Athletes Foot

Overview

Definition

Athlete's foot is a common infection that affects the skin between the toes and soles of the feet.

Athlete's Foot
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Causes

Athlete's foot is caused by fungus. Fungus thrives in warm, dark, moist places such as the inside of a shoe, locker rooms, showers, and swimming pool areas. The fungus can exist on a floor, mat, rug, shoe, or towel and transfer to your skin when your feet come in contact with them. You can also get athlete's foot if you come into contact with fungus on someone else's feet. The fungus can then grow on your skin if your feet or the area between your toes stays slightly wet.

Risk Factors

Athlete's foot is more common in men. Other risk factors that increase your chances of athlete's foot:

  • A history of athlete's foot infection
  • Walking barefoot in locker rooms or public places
  • Not keeping your feet clean and dry
  • Wearing air-tight or poorly ventilated shoes or boots
  • Sweaty feet
  • Hot, humid weather
  • Disorders of the immune system

SymptomsandDiagnosis

Symptoms

Athlete's foot symptoms usually starts in the webbing between the toes. It may spread to the soles or arches of the feet, or to the toenails if the infection continues. Athlete's foot may cause:

  • Dry skin
  • Itching (with or without burning), which gets worse as the infection spreads
  • Scaling
  • Cracking
  • Redness
  • A white, wet surface
  • Blisters, which may open and become painful

Diagnosis

The doctor will ask about your symptoms and medical history. An exam of your feet will be done. Your doctor may suspect that you have athlete's foot based on the exam. If necessary, your doctor may scrape a small sample from the infected skin and look at it under the microscope to confirm a diagnosis.

Treatments

Treatment

Treatment aims to get rid of the infection and prevent it from spreading to others. Treatment includes the following:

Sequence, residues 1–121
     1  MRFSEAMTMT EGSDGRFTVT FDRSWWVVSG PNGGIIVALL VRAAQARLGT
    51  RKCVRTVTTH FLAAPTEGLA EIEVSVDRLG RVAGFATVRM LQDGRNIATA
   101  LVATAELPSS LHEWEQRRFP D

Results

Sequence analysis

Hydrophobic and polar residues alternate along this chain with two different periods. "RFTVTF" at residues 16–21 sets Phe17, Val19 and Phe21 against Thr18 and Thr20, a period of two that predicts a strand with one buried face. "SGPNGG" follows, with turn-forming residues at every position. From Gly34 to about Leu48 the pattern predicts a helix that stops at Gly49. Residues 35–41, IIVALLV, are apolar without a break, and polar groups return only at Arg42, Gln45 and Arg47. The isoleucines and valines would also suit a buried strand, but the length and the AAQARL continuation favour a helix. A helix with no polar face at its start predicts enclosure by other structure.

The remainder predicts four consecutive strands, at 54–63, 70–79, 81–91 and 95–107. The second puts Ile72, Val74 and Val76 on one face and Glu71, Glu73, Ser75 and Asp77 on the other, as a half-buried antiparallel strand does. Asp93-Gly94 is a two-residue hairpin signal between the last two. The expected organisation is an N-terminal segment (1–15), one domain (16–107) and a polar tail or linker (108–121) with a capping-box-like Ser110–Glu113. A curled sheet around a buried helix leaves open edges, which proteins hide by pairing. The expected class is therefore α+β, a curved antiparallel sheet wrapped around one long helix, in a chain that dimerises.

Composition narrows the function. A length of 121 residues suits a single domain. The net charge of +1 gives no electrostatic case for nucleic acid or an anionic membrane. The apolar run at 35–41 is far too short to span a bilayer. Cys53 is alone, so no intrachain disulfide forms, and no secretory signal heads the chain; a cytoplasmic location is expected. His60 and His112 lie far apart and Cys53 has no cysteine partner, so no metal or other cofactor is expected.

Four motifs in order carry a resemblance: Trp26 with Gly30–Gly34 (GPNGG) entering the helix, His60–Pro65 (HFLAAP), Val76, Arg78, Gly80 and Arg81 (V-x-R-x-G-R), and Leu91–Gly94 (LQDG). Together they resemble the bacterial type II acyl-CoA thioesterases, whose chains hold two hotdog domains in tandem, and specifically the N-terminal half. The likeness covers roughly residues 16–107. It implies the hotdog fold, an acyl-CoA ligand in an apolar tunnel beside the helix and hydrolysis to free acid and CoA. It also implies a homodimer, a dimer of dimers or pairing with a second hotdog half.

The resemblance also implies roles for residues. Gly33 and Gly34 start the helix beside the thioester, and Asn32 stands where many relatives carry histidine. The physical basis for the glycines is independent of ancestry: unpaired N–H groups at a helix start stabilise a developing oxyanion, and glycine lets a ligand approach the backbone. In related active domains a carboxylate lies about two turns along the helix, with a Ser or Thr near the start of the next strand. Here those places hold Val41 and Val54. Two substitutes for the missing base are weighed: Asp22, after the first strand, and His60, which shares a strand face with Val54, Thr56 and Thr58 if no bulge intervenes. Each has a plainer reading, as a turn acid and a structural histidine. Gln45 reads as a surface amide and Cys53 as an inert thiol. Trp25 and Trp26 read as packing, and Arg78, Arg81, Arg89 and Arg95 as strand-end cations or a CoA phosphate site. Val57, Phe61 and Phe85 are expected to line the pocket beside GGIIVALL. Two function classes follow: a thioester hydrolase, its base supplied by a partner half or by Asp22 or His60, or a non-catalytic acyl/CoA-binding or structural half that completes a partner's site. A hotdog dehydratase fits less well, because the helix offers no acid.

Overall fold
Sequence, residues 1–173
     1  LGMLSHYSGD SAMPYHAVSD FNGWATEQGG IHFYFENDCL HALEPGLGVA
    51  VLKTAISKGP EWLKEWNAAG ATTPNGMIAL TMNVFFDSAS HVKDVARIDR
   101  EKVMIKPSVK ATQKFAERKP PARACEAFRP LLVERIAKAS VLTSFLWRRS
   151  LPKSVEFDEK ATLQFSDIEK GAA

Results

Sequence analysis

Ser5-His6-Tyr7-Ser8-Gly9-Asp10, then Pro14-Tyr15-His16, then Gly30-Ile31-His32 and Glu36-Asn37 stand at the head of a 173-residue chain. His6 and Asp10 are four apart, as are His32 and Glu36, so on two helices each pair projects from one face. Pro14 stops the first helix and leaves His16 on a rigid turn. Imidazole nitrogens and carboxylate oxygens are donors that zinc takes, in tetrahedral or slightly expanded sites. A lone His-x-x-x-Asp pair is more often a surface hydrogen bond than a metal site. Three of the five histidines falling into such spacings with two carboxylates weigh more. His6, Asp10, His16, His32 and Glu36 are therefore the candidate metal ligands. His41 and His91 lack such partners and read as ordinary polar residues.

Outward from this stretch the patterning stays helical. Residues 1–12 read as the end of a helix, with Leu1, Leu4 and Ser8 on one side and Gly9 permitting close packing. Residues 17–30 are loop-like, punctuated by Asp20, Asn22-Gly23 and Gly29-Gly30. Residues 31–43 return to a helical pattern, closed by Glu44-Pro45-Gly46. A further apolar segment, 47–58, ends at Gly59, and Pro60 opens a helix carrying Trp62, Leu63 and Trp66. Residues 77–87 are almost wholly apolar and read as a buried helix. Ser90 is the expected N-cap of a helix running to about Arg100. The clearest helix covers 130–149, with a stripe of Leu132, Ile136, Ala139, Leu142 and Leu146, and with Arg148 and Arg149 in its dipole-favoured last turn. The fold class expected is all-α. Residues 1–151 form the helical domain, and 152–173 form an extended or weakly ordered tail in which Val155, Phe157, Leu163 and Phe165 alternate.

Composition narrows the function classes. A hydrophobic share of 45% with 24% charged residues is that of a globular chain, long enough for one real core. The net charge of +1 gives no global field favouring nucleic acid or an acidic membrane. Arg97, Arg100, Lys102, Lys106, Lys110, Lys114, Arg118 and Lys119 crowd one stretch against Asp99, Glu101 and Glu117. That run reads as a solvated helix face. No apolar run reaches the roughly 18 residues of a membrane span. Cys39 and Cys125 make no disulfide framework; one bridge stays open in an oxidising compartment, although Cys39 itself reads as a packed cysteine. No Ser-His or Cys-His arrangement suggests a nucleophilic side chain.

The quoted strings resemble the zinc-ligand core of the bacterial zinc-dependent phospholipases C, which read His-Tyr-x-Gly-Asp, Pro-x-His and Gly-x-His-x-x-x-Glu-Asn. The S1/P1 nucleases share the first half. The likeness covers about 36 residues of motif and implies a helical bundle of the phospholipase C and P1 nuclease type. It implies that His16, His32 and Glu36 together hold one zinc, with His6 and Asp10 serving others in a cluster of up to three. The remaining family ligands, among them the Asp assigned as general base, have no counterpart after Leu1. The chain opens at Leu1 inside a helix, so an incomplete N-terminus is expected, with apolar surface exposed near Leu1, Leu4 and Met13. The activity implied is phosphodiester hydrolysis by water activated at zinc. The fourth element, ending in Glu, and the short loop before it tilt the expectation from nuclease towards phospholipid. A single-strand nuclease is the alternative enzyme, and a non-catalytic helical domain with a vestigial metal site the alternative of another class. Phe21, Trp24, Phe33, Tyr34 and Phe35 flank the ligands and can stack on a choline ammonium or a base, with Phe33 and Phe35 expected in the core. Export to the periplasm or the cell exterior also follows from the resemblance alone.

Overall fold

Foot Hygiene

Take proper care of your feet:

  • Gently wash your feet often (at least daily) with soap and water. Completely dry all areas, especially between the toes.
  • Put a dusting of antifungal foot powder on your feet or in your shoes to absorb moisture.
  • Change your shoes and socks frequently.
  • Wash your hands after treating your feet.

To prevent spreading the infection to others, avoid walking barefoot in public, especially in locker rooms and public showers.

Medication

Athlete's foot can be treated with over-the-counter antifungal medications that are applied to the skin. If you have recurrent infections, or do not see improvement in 2 weeks, your doctor may prescribe other antifungal medication. Treatment may last 1-2 months. It is important to take medication as advised to completely rid yourself of the infection.

Prevention

To help reduce your chance of athlete's foot:

  • Wear shower shoes or sandals in locker rooms, public showers, and around swimming pools.
  • Keep your feet clean and dry, especially between your toes.
  • Wear shoes that are comfortable and allow your feet to breathe.
  • Wear cotton socks that pull moisture away from your skin.
  • Change socks regularly, especially if they become damp.
  • Do not borrow other people's shoes.
  • If you have diabetes, follow your doctor's instructions for taking care of your feet and get them examined regularly.

This content is reviewed regularly and is updated when new and relevant evidence is made available. This information is neither intended nor implied to be a substitute for professional medical advice. Always seek the advice of your physician or other qualified health provider prior to starting any new treatment or with questions regarding a medical condition.

Edits to original content made by Denver Health.

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RESOURCES

American Academy of Dermatology https://www.aad.org 

Foot Health Facts—American College of Foot and Ankle Surgeons https://www.foothealthfacts.org 

CANADIAN RESOURCES

Canadian Podiatric Medical Association http://www.podiatrycanada.org 

The College of Family Physicians of Canada http://www.cfpc.ca 

References

Athletes' foot. American Podiatric Medical Association website. Available at: http://www.apma.org/files/ProductPDFs/Athlete%E2%80%99s%5FFoot.pdf. Accessed December 5, 2017.

Ely JW, Rosenfeld S Stone MS. Diagnosis and management of tinea infections. Am Fam Physician. 2014;90(10):702-711.

Pleacher MD, Dexter WW. Cutaneous fungal and viral infections in athletes. Clin Sports Med. 2007;26(3):397-411.

Tanaka K, Katoh T, Irimajiri J, Taniquchi H, Yokozeki H. Preventive effects of various types of footwear and cleaning methods on dermatophyte adhesion. J Dermatol. 2006;33(8):528-536.

Tinea pedis. EBSCO DynaMed Plus website. Available at:  http://www.dynamed.com/topics/dmp~AN~T116474/Tinea-pedis . Updated November 3, 2015. Accessed December 5, 2017.

Weinstein A, Berman B. Topical treatment of common superficial tinea infections. Am Fam Physician. 2002;65(10):2095-2103.

Woodfolk JA. Allergy and dermatophytes. Clin Microbiol Rev. 2005;18(1):30-43.